A great listener in a distracted world

In a challenging, highly-competitive healthcare environment, being a leader who truly listens can be a great differentiator.

But it is not easy. Good listening often takes a back seat to the demands of time pressure, stress and decision-making. Our innate desire to listen and understand often bows to the siren calls of voicemails, text messages, and e-mails. And sometimes we just don’t have the patience or mental focus to listen as well as we should.

But listening well is vitally important in the healthcare ecosystem and it is something that almost every leader can improve. Here are seven reasons why working to become a better listener will be a shrewd investment.

Superb listeners make fewer mistakes. In the long run leaders who listen carefully are going to gather more information, hear more perspectives, and take more time making key decisions. We know that mistakes can be embarrassing, expensive, and sometimes much worse, so there is a clear efficiency argument for being a superb listener. As obvious as it seems, many mistakes can be avoided or mitigated simply by slowing down and listening better.

Superb listeners are deemed more trustworthy. Listening well to others positions you as a thoughtful, responsible and collaborative professional, regardless of your field. Good listening is a behavioral cornerstone for building the rapport and empathy than underpin credibility and trust. If you genuinely want others to trust you, an effective way to get there is to consistently listen to them. This requires an investment of time, energy and focus, but the payoff is there.

Superb listeners have more motivated, collaborative teams. In our fascination with digital technologies and ‘the latest thing’ we can overlook a fundamental truth about human nature: people want to be heard and acknowledged. Even if we don’t agree with everything they say, people want to be listened to and taken seriously. And this extends to teams: productivity and morale are almost always higher on teams where good listening is the norm and leaders model the behavior.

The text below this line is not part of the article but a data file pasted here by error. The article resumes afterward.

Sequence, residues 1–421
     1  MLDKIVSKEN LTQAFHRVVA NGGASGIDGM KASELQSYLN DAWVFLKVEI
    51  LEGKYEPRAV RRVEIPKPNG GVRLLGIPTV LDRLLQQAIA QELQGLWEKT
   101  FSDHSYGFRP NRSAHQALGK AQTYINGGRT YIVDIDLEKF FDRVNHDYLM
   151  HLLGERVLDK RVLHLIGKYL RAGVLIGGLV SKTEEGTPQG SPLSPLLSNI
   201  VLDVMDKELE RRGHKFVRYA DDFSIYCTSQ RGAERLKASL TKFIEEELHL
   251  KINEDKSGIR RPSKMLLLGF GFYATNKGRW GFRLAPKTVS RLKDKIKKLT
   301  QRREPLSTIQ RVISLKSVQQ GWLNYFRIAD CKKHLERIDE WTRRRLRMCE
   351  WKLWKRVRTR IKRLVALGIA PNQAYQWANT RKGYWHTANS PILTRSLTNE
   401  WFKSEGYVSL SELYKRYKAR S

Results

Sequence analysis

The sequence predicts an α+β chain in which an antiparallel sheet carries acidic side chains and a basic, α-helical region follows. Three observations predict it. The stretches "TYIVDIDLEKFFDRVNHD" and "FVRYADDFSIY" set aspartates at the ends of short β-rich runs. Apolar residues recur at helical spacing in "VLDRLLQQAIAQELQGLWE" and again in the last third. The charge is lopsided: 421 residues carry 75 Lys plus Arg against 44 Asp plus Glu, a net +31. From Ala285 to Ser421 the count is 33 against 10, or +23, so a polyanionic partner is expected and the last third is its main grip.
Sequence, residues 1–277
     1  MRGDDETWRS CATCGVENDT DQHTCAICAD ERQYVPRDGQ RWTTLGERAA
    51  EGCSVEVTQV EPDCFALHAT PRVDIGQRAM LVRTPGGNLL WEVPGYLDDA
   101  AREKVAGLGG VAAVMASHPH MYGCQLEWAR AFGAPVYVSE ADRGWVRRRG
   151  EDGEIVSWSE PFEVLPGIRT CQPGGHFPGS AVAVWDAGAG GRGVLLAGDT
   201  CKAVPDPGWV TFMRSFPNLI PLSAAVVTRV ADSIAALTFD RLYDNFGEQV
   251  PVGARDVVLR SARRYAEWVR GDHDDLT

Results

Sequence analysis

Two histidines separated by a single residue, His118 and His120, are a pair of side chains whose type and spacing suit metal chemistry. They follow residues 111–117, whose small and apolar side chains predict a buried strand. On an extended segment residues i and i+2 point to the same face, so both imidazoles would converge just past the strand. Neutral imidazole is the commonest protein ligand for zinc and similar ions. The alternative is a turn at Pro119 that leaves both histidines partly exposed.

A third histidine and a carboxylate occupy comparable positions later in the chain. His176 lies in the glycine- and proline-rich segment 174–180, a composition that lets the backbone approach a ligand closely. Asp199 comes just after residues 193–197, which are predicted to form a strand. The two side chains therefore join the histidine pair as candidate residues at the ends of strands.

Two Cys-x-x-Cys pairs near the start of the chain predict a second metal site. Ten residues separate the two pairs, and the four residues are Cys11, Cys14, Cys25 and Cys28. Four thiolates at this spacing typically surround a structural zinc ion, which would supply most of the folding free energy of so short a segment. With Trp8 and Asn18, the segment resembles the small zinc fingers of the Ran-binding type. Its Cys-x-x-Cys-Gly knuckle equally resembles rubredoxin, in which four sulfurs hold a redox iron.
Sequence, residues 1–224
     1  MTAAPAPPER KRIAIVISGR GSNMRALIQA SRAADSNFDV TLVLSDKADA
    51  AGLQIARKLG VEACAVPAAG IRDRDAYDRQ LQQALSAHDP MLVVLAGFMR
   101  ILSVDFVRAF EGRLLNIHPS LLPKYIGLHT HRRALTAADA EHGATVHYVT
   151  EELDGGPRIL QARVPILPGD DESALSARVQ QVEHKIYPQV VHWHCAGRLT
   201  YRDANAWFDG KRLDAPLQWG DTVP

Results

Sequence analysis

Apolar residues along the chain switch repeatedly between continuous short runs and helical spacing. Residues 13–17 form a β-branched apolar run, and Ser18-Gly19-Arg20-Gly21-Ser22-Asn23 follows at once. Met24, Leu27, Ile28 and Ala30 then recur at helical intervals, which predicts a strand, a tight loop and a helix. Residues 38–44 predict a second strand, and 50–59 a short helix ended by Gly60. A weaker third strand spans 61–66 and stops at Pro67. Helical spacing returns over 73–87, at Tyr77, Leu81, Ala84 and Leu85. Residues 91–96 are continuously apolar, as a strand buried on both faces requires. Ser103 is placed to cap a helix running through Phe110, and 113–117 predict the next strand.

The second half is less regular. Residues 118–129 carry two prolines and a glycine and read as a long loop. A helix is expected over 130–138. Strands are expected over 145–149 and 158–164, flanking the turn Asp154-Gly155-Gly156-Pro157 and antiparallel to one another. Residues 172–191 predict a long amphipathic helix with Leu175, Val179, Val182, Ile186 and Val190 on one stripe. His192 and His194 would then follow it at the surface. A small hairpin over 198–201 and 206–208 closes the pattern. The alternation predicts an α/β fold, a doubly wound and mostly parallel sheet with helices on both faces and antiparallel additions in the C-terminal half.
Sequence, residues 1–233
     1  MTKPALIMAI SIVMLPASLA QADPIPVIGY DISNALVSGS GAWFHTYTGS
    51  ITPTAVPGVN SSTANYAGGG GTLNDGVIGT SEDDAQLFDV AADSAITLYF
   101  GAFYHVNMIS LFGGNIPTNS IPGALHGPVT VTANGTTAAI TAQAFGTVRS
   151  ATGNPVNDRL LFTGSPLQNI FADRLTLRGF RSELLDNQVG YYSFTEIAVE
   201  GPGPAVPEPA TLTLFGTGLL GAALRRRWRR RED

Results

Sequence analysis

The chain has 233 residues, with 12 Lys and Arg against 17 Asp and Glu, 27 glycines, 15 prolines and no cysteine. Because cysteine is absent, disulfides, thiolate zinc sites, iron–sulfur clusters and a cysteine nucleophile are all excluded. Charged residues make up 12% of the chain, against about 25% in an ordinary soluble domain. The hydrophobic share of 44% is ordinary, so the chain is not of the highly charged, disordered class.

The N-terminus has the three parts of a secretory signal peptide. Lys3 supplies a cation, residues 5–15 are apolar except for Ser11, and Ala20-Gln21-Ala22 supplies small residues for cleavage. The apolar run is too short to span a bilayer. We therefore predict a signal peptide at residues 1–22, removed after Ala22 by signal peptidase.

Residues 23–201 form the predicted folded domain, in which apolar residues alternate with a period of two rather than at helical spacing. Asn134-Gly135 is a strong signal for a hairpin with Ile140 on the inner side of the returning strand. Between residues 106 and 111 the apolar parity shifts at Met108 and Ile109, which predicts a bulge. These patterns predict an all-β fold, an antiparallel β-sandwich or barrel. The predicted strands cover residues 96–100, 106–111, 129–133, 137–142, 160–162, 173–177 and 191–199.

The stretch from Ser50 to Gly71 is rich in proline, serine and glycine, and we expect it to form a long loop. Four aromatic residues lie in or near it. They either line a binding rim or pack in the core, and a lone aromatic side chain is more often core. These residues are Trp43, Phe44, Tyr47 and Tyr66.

Superb listeners tend to be heard. An interesting thing about listening is our tendency is pay greater attention to those people who are genuinely listening to us. And if I am attentive and listen carefully to others, they will be more likely to listen to me. But if I interrupt a lot and listen poorly, people will be inclined to treat me the same way. So superb listening can subtly influence others: the more effectively I listen, the more inclined they will be to listen to me.

Superb listeners notice details. A corollary benefit of great listening is noticing nuances of communication that we might have missed before. This can be particularly useful in meetings and negotiations: the outstanding listener is more likely to pick up on ‘little’ things like voice inflection, slight hesitations and silences, frowns and smiles, and changes in body language. So investing time and ‘bandwidth’ in listening well can provide nuanced and valuable insights.

Superb listeners are distinctive. The sad truth is that relatively few top leaders are great listeners: they may be too busy, too distracted or perhaps too self-absorbed to listen effectively. Whatever the case, listening offers healthcare leaders and would-be leaders an opportunity to enhance a fundamental skill that is both practical and visible. Being a leader who truly listens can indeed be a great differentiator.

Superb listeners suspend their agendas. This is the skill that tends to separate the ‘good’ from the ‘great’: the capacity to temporarily set aside one’s own concerns and priorities to really hear those of the other person. It takes practice and a degree of mental agility, but developing the capacity to suspend your agenda is a great way to raise your game as a listener and a leader.

Today’s healthcare leaders operate in a demanding and competitive world, and being a superb listener will make you even more effective. Make the investment.

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